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THE SONG. 221
songwright is he whose simple words and pregnant thoughts have embodied the universal joys, sorrows, and aspirations of the human heart in strains that, once heard, can never be forgotten. Nor, indeed, is it a small thing to charm with song the social circle; to excite, soothe, and thrill the jaded heart and soul; to enliven and keep sweet the home-life when the day's work is done, and to make
The night to be filled with music, And the cares that infest the day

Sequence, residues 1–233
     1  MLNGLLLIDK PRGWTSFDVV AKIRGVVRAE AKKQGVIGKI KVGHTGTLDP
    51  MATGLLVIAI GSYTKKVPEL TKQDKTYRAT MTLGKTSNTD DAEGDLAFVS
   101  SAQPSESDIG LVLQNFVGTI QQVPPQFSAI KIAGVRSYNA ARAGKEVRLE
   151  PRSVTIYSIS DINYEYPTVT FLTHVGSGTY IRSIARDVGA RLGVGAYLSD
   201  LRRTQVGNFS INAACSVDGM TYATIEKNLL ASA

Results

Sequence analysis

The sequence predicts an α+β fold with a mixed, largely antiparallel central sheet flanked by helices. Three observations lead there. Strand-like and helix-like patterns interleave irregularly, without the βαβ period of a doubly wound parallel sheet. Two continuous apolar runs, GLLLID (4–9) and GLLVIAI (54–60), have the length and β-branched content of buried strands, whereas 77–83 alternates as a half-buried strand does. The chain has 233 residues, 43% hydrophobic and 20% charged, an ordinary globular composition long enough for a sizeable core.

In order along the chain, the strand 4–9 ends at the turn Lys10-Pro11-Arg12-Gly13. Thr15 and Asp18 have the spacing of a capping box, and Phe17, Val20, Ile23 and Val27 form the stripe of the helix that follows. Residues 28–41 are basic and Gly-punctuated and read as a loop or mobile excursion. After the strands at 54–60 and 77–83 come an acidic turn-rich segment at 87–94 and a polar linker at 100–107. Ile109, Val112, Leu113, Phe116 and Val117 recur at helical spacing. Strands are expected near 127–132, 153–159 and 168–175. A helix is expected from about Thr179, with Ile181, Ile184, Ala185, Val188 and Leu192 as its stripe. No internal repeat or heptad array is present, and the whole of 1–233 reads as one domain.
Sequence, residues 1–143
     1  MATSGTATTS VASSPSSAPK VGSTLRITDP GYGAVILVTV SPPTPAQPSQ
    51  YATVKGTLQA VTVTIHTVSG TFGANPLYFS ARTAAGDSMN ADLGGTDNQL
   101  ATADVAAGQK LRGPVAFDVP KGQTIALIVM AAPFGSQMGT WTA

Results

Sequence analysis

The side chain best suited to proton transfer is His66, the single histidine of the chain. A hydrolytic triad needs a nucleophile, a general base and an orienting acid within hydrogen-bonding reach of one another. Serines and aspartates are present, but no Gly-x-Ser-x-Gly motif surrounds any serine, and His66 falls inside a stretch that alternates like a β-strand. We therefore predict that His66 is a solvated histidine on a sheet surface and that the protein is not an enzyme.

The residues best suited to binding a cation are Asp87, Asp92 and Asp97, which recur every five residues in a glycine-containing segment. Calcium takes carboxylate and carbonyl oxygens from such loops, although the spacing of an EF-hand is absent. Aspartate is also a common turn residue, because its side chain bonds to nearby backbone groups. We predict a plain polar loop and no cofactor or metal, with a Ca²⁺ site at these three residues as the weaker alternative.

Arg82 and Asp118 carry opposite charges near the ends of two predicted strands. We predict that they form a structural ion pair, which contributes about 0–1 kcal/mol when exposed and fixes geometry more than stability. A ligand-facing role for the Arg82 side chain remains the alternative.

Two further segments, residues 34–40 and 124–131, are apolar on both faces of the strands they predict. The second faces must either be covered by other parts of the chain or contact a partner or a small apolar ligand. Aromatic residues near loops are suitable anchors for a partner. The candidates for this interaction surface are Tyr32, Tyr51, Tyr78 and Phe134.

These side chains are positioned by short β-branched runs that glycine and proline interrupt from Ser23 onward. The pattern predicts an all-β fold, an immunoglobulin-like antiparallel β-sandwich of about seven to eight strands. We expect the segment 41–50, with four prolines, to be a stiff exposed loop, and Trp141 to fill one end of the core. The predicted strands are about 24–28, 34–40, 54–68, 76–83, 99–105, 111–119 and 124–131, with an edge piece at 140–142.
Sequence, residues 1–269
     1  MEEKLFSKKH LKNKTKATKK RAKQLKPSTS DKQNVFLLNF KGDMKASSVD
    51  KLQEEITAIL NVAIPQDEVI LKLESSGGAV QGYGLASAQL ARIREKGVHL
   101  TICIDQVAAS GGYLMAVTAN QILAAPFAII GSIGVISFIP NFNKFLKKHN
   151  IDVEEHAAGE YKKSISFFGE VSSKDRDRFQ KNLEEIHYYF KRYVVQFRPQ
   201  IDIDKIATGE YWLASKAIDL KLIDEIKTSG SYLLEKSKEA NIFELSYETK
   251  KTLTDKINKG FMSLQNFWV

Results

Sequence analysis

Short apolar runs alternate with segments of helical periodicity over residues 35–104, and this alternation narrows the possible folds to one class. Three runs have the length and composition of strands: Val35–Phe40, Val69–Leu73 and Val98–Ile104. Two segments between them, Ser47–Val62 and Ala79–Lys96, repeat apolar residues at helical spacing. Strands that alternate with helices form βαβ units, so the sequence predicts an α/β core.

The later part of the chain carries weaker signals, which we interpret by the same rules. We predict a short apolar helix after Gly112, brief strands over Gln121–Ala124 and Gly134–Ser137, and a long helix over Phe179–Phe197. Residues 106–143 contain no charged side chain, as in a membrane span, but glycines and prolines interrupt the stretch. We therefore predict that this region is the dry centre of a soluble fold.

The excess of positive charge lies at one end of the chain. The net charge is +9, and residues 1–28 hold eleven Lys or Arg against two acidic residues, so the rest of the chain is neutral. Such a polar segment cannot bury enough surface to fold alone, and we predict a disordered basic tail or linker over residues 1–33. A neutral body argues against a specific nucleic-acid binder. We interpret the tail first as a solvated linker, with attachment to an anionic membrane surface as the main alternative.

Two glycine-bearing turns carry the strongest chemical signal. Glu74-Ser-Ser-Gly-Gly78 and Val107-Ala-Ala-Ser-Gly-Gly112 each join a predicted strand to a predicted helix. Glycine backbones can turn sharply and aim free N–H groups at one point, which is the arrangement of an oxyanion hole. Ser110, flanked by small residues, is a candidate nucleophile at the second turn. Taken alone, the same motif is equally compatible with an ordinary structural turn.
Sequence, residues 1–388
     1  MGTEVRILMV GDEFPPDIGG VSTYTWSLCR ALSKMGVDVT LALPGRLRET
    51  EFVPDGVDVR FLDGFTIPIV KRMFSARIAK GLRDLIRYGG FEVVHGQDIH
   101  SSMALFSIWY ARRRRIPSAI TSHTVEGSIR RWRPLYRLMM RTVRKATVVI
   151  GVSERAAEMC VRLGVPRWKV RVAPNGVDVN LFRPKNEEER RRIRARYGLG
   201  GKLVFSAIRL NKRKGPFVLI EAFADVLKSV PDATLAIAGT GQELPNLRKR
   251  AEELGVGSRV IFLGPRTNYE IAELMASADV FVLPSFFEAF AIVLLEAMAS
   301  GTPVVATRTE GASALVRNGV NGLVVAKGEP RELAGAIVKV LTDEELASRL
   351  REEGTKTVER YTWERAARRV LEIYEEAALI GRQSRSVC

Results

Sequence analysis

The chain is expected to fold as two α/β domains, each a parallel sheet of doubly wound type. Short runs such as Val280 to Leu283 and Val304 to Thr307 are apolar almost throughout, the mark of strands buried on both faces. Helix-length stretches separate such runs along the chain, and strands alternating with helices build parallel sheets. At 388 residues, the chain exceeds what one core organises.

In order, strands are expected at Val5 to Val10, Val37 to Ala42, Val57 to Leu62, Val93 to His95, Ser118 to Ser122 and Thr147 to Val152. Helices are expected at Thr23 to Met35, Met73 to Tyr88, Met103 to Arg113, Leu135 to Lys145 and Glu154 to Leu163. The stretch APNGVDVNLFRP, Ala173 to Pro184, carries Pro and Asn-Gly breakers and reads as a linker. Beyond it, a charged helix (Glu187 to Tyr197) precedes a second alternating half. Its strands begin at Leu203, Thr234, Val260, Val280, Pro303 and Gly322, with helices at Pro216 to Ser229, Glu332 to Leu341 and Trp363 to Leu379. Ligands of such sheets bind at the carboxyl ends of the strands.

To fold their tents like the Arabs, And as silently steal away.
To attempt to enumerate our song-writers, and present choice and representative specimens of their lyric art, greatly as it might enhance the charm of this volume to the general reader, would extend it beyond the limits of our main object, which is didactic. Besides, this has been already accomplished by several competent hands, and Anthologies of our lyric muse are both numerous and exhaustive. It will be sufficient, therefore, for our purpose to point out the chief varieties of songs, and the characteristics of each kind, with brief allusions to some of the best specimens.
I.—THE SACRED SONG OR HYMN.
"A good hymn should have simplicity, freshness, and reality of feeling, a consistent elevation of tone, and a rhythm easy and harmonious, but